The product of that work was the formation of self help groups that brought together men and women of similar economic backgrounds and helped them to form weekly support groups modeled from the SHG program that Erica had started in the areas of Eastleigh and Kariobangi. Through SHG training, the groups began to follow healthy SHG patterns: they formed constitutions, created a weekly meeting tradition, started saving money and issuing soft loans through table banking. As the groups formed essential bonds of trust and ownership, they received microenterprise training, opened bank accounts, and started small businesses together.

 Erica visiting with the "Hardworkers Malisaba Self Help Group"

 The groups are self-governed through participatory leadership, 
as members take turns facilitating the meetings.

SHG Member Passbook

Everyone keeps an individual passbook, to track the group savings, personal contributions, and loans. This serves as a way of mutual accountability as the group members are able to verify the treasurer's records and bank statements each week. It was encouraging to see how in only a few years most of these groups have built up thousands of dollars of savings as they invest in individual and group businesses.
 Unity Self Help Group, Dandora
Today the ACC&S urban ministry program has established twenty-four functioning self-help groups in the community of Dandora. Through the support of John and the team of community facilitators, the groups are improving the household incomes and well-being of hundreds of families.

At each meeting, we had time to share and pray together. Each group faces a myriad of challenges, but common to each group is a sense of belonging and strength that comes from having a circle of people who care and watch out for you. Every group develops its own patterns and traditions that make the meetings fun and personal.

It is amazing to realize that the warmth and community in these groups started with a knock on the door, and an invitation by a stranger.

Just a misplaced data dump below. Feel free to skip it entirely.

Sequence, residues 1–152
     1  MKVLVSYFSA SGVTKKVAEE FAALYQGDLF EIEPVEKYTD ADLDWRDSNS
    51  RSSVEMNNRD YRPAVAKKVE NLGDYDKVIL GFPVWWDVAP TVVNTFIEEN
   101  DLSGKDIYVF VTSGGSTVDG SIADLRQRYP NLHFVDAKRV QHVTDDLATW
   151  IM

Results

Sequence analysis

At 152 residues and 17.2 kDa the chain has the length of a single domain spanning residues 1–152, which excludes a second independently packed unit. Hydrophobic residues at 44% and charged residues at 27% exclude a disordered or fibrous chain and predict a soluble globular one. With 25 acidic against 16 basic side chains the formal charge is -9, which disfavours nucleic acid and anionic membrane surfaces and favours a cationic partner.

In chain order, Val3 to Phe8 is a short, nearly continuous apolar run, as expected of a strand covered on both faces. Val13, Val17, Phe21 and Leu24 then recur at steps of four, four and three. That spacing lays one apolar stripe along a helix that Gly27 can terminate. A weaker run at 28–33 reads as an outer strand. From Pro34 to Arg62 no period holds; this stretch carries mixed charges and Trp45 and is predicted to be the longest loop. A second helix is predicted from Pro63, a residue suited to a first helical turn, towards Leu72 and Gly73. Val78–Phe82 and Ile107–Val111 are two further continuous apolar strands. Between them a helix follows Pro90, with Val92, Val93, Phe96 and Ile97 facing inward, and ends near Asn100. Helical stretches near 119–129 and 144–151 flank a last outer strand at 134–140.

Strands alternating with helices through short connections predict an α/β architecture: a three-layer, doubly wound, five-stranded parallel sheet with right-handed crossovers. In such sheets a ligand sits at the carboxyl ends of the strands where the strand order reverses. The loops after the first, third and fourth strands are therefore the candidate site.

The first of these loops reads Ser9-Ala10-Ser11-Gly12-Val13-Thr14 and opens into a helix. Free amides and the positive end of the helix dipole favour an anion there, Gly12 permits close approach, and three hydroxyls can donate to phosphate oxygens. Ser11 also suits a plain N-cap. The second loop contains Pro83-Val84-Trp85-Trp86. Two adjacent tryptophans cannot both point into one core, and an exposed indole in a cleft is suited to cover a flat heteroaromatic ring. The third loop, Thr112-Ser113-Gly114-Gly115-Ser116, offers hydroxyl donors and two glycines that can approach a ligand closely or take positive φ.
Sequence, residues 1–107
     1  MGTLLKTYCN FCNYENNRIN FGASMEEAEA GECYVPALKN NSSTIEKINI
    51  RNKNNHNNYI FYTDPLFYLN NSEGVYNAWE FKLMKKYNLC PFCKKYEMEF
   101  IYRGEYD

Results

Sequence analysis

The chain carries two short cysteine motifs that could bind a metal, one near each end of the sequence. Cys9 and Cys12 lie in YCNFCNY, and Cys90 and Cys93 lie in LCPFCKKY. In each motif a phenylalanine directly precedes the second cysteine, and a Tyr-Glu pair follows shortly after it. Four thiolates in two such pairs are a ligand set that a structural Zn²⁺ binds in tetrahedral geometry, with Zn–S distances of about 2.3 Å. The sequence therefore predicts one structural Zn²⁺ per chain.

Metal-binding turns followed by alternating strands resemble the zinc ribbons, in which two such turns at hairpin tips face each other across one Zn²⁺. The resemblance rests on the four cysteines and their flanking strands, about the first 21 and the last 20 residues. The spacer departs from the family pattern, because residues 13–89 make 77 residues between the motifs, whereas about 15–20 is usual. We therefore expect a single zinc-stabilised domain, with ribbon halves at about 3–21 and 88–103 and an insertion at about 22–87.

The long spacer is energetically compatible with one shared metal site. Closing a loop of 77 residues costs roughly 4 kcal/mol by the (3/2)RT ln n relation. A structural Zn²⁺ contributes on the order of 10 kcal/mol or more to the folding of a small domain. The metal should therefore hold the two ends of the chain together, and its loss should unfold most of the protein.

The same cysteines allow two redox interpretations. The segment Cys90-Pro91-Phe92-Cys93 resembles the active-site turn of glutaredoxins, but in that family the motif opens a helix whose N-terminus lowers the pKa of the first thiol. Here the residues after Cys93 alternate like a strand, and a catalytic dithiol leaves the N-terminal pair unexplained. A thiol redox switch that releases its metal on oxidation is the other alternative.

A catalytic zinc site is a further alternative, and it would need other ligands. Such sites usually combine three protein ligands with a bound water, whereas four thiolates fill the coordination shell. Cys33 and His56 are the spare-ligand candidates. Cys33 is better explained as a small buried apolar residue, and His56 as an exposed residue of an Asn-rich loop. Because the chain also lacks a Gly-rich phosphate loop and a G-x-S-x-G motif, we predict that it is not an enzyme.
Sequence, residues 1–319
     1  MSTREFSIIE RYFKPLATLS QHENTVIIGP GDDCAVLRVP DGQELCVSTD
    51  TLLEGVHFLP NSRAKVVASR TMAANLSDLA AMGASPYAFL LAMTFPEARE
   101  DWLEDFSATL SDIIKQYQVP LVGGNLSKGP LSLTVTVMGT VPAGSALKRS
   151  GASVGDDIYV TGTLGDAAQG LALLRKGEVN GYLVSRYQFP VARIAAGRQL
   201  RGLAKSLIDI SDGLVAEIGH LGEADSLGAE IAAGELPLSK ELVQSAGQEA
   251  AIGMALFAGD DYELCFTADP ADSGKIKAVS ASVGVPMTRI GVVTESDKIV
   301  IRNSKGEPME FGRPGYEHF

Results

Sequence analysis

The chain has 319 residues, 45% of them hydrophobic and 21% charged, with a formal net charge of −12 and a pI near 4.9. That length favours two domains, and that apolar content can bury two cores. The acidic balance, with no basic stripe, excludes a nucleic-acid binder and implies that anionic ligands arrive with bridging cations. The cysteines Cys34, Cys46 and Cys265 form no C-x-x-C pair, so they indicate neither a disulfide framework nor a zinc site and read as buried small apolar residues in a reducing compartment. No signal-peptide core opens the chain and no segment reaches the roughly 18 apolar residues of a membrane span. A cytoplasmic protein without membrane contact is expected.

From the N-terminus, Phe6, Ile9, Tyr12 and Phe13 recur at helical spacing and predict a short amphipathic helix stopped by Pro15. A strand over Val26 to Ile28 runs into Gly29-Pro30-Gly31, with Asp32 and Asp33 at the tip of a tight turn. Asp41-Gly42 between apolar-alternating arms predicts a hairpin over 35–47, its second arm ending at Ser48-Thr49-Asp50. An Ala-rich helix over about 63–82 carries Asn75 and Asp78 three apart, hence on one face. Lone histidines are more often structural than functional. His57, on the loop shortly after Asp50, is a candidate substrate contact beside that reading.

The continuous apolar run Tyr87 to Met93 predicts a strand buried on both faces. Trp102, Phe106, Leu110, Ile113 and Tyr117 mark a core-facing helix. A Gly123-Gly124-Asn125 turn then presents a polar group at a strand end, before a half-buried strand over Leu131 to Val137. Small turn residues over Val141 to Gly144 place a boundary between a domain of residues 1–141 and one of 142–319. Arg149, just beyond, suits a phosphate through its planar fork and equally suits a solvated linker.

Erica and Lenny with members of the Unity SHG

During one of the meetings with one of the Muslim Self Help Groups in Eastleigh, our CBM colleague Lenny Mbogo asked a group what it would mean if they were to continue without CBM. To our surprise, a group member responded saying, "We would be like a bird without wings."

Given how self-sufficient the groups are and the fact that they have received training but no funding from CBM, we were confused. Erica asked the woman to tell us more about what she meant. "We would be like a bird without wings," she said, "because we need your encouragement. That is what is most important to us. Your encouragement!"

At the heart of self help ministries we find again and again the importance of relationships of care and solidarity. People make better decisions when they have the wisdom and accountability of a support network. They take risks to improve their lives when they know that they will not face the risk alone. And people need the spiritual and emotional support of others who care and pray for them and their families in times of success and failure.

This is the social dimension of integral mission. And in a world where people are often separated by walls and closed doors, it takes the courage of some to step out and knock.  

Erica and Lenny

Please join us in praying for and supporting the ministry of Canadian Baptists and our partners in Africa. We especially remember those working in the self help group approach in communities like Dandora, Eastleigh and Kariobangi. Urban poverty is a growing issue throughout Africa as displaced and desperate people follow the flow of urbanization and often find themselves in informal settlements and slums that lack basic infrastructure and support.

We also pray for churches like the ACC&S as they discern God's call to share the love and hope of Christ with the marginalized of their society.

To learn more about the work of Canadian Baptist Ministries in Africa and around the world, please see our website at

Tuesday, November 15, 2016

Praying for South Sudan: Teetering on the Edge of Genocide